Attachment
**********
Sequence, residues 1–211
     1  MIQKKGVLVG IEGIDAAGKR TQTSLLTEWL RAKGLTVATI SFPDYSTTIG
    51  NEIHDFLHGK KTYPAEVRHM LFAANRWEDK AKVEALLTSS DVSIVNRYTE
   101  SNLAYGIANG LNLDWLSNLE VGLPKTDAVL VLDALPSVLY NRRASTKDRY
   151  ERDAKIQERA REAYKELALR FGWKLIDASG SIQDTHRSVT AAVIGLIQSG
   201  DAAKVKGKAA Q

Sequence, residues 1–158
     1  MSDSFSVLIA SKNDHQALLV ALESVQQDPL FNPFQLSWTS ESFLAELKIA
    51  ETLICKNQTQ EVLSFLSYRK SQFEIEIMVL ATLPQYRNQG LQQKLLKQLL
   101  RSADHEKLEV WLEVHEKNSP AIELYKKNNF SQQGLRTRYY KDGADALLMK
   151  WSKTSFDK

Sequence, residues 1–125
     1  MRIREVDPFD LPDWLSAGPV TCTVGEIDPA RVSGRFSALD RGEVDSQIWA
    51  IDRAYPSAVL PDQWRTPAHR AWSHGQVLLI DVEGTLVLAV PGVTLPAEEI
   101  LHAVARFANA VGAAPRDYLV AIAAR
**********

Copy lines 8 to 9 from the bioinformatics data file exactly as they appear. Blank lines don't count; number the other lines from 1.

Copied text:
     1  MSDSFSVLIA SKNDHQALLV ALESVQQDPL FNPFQLSWTS ESFLAELKIA
    51  ETLICKNQTQ EVLSFLSYRK SQFEIEIMVL ATLPQYRNQG LQQKLLKQLL